AUGUSTA — City officials are eying the purchase of 45 acres next to the Hatch Hill landfill.

The property, according to City Manager William Bridgeo, could serve as a buffer between the regional landfill and its neighbors.

The property’s owner, Industrial Metal Recycling, approached Public Works Director Lesley Jones this summer to see if the city would be interested in buying the vacant, wooded and, in places, swampy property.

The city has since had it appraised and the company that owns the land, which Jones said is getting out of the business and selling off its assets, agreed to sell it to the city for the appraised value of $36,000.

While longer-term the city potentially could use the site, its interest in the spot now is as a buffer between the landfill and other property owners.

“A regional landfill is always an environmentally sensitive enterprise, and it’s always good to have a buffer” around such a site, said Bridgeo, who recommends the purchase. “This is an opportunity to get 45 acres for less than $1,000 an acre. The Hatch Hill enterprise fund has a healthy balance right now, so this presents itself as a good opportunity.”

Hatch Hill is owned by the city but takes trash from several surrounding municipalities, which pay fees for their residents to be able to send waste to the landfill. It is funded as an enterprise fund, with money to run it coming from both the city and the other municipalities that use it, as well as from tipping fees.

The property abuts the west side of Hatch Hill Road and the landfill, the north side of South Belfast Avenue, and a Greater Augusta Utility District sludge disposal site.

The property is vacant. Jones said Industrial Metal Recycling bought it in 2000 with the idea of putting a metal recycling yard on the site, but it never acted on that idea. The company bought the property for $38,500, according to an appraisal of the property done for the city by Dwyer Associates.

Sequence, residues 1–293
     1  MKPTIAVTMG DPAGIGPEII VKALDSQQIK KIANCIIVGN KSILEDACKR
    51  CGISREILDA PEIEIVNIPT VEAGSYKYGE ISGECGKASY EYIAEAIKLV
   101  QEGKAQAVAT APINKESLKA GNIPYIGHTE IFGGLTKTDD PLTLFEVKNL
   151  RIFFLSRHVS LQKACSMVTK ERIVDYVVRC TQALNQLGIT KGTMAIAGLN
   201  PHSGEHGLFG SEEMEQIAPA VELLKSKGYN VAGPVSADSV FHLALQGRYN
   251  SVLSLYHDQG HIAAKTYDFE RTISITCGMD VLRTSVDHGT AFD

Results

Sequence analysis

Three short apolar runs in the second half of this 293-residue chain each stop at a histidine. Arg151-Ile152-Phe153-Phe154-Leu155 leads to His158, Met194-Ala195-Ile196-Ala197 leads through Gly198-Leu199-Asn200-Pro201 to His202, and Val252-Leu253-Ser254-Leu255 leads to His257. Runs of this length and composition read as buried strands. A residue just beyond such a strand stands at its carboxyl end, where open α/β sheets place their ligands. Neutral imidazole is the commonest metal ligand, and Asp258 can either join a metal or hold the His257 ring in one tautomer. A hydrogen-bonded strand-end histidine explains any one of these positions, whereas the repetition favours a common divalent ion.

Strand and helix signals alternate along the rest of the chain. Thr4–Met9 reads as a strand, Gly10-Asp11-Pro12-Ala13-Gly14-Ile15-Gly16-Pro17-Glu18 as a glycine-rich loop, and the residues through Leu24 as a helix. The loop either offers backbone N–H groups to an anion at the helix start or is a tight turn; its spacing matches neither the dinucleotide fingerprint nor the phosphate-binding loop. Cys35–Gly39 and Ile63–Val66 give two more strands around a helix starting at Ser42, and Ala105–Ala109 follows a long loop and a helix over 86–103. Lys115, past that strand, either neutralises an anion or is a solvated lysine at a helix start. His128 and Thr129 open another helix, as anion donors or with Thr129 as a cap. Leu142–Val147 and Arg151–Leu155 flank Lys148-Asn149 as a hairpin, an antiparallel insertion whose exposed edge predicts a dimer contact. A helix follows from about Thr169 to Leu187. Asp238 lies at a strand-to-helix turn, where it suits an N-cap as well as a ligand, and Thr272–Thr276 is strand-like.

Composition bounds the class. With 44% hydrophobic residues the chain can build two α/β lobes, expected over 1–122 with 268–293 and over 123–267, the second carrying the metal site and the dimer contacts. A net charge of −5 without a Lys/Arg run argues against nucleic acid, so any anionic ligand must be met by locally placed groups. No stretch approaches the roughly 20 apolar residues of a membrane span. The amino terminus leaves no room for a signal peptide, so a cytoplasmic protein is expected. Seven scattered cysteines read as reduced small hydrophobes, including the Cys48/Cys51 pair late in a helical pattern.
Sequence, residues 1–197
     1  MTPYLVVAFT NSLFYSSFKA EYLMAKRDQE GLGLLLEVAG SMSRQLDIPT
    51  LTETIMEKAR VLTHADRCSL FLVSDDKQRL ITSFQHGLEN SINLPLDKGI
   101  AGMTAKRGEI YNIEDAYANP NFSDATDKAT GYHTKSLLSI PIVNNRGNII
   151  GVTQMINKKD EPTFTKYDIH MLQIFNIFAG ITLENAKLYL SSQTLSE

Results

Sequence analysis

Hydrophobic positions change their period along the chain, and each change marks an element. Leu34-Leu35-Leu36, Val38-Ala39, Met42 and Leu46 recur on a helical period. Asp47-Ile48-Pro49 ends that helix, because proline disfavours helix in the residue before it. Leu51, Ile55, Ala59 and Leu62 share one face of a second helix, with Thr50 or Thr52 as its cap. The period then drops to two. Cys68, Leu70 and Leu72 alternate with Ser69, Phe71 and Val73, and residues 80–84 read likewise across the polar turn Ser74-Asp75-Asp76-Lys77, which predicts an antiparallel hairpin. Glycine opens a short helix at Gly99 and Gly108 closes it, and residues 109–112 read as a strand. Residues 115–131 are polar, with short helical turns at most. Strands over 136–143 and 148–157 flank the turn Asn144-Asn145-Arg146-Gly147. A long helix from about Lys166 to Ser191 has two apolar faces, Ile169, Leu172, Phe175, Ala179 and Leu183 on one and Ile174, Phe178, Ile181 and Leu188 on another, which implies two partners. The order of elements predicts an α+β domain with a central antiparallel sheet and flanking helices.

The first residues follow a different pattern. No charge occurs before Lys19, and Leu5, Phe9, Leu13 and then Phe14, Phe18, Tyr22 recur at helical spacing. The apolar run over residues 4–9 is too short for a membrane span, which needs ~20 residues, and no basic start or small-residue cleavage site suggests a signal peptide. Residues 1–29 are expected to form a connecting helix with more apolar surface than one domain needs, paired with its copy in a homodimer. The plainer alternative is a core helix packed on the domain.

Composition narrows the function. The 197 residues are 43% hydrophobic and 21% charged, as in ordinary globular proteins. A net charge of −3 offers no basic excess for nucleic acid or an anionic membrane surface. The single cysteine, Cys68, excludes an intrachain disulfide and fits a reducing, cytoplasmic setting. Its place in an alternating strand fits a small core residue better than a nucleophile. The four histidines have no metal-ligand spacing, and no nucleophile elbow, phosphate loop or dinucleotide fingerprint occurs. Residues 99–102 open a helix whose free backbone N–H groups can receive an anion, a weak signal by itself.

The property is assessed, by the city for tax purposes, at $36,200.

About 75 percent of the property is made up of wetlands.

Bridgeo said longer-term the city potentially could use the land to develop an alternative energy project, such as part of a solar panel farm the city could do on closed sections of the otherwise still-active landfill property. He said it is unlikely the city would expand the landfill onto the property, because of its wetness and its proximity to South Belfast Avenue. He said the city could possibly have the forest on the land selectively cut.

Councilors’ approval would be needed for the deal to proceed. The council is scheduled to consider authorizing the proposed purchase at its 7 p.m. Thursday meeting in council chambers at Augusta City Center.

Councilors are also scheduled to:

• Consider adopting a moratorium on commercial recreational marijuana activity in the city;

• Hear a presentation from Judith Shaw, of the Maine Office of Securities, on elder abuse;

• Consider accepting the donation of three park benches and a picnic table, valued at $1,030, from Eric McDonnell, a member of Boy Scout Troop 603 who made the items as part of his Eagle Scout requirements;

• Consider accepting a $700 bid for the sale of property on Oxford Street that the city took for nonpayment of taxes;

• Consider authorizing Bridgeo to apply for Certified Local Government status through the Maine Historic Preservation Commission and the National Park Service, which could allow the city to become eligible for state and federal historic preservation funding; and

• Issue a resolution supporting federal historic tax credits, a funding mechanism used to spur historic preservation projects, which could be eliminated in proposed federal tax reform legislation.

Keith Edwards — 621-5647

[email protected]

Twitter: @kedwardskj